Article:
- Becoming My Mother's Daughter: A Story of Survival and Renewal
Wilfrid Laurier University Press's Life Writing Series has become one of the most important venues for publishing original works of autobiography and memoir. The books are often about Canadian experiences written by Canadian authors, but many recount stories that also take place elsewhere. Holocaust memoirs are an especially important feature of the Life Writing Series, and Erika Gottlieb's Becoming My Mother's Daughter is a superb addition. Gottlieb was an established author, literary critic, and visual artist whose education and career traversed Hungary, Austria, and Canada. Becoming My Mother's Daughter tells of her experiences as a member of a Jewish family in wartime Hungary and her eventual emigration to Canada. At its heart is the account of the final months of the war told from the perspective of six-year-old 'Eva,' the author's literary alter ego. It is winter 1944, and [End Page 523] Eva, her mother Eliza, and her sister Sandy are gradually forced out of their home into the Jewish ghetto and from there into hiding. Throughout this period of her life, Eva is terrified of being 'snipped off ' from her mother - a phrase that comes to represent 'a fear that fills [her] private world like a dark vapour.' To be 'snipped off ' from her mother would mean losing that warm, solid body she clings to, that source of soft words and comforting gestures, that person who will not let her be lost or let her starve. Over time, Eva loses much - her home on Tatra Street, for a time her father who hides separately from them, members of her extended family who are killed outright or shipped off to the camps. But she does not lose her mother. And her mother does not lose the large yellow leather handbag she always has with her - the bag in which she keeps family documents, photographs, and whatever else she could salvage of their personal belongings, as well as food, the bag that becomes the symbol of their survival.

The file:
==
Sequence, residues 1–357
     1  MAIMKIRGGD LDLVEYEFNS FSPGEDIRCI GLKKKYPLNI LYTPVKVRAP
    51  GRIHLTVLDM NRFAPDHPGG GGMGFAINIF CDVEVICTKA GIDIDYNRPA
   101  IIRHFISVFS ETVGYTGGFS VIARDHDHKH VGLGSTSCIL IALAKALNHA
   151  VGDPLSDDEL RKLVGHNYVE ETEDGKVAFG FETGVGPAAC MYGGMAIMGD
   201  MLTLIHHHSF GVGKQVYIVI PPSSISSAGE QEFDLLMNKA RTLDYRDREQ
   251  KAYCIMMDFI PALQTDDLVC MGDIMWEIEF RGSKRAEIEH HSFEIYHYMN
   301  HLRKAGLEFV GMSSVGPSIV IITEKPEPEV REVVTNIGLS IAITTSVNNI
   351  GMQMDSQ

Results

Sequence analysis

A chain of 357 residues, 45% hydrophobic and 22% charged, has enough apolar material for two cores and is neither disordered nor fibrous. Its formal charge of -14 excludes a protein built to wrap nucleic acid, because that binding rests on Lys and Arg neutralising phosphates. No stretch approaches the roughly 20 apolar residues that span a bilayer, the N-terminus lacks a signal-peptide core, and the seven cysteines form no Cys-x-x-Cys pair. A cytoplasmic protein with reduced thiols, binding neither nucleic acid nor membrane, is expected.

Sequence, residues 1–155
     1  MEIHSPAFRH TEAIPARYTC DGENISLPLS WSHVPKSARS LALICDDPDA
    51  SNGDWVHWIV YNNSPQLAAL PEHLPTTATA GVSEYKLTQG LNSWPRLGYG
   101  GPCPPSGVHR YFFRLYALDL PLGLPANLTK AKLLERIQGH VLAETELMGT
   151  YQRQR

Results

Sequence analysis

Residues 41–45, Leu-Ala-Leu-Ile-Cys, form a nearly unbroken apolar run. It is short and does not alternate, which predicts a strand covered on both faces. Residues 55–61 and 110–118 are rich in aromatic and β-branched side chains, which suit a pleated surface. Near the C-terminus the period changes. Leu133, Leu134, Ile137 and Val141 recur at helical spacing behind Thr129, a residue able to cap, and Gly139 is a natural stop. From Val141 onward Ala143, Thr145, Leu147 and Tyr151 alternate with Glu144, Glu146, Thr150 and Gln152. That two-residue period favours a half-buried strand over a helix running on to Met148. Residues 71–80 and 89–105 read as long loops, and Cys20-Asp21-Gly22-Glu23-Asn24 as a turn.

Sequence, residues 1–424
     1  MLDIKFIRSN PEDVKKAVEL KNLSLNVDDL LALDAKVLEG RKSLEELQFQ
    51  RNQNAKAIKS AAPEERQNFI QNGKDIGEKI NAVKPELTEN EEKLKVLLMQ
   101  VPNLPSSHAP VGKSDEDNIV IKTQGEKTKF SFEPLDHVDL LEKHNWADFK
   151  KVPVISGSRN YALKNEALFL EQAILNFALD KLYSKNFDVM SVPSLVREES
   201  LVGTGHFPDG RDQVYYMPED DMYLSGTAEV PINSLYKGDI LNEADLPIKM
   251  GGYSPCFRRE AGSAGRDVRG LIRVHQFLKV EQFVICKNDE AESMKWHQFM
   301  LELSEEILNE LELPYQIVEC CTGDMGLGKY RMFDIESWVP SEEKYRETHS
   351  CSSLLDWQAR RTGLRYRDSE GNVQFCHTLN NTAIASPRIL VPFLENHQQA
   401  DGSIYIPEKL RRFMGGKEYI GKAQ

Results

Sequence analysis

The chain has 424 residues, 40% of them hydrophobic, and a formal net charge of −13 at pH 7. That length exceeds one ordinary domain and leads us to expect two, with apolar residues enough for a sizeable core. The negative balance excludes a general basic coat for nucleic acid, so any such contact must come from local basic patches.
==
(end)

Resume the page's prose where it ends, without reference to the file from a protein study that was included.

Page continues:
While Becoming My Mother's Daughter is an exceptionally moving story about Gottlieb and her family facing the constant threat of being caught by the Germans or the Hungarian Arrow Cross, it is also a psychologically and emotionally rich exploration of Gottlieb's relationships to her extended family, especially the women. The book includes many of Gottlieb's sketches and paintings, which depict scenes from Budapest, memories of the their dispossession, flight, and hiding, and compelling portraits of family members. One titled Self-Portrait of the Women in the Family speaks to the centrality of Gottlieb's relationships with her female relatives, none more important than her mother. While this is a somewhat familiar story of female identity traced through matrilineal stories and lives, by weaving together the narrative of her ties to her mother and her developing female identity with the narrative of her childhood experiences of the war, Gottlieb avoids overly pathologizing her relationship with her mother. Instead readers see a relationship of deep love and mutual care, even if certain questions go unanswered and certain misunderstandings remain unresolved.
Structurally the book is intricate. The narrative begins in the present in Canada with the mature Eva visiting her aging mother Eliza, who is recovering from an operation and a subsequent cardiac arrest; it ends after her mother's death when Sandy and Eva find the leather handbag that made the trip to Canada with their mother. A conversation with her mother before she died and finding the handbag afterwards act as catalysts to Eva/Gottlieb accessing and narrating the deep childhood memories that occupy the centre of the memoir. Crossing this bridge to the past, the narrative voice also shifts from third person to the first, and the 'I' of memoir takes control of the story. She enters the 'tunnel' of memory - Gottlieb likens her descent into the past to riding a streetcar travelling underground - and only when that story has been told can she reemerge [End...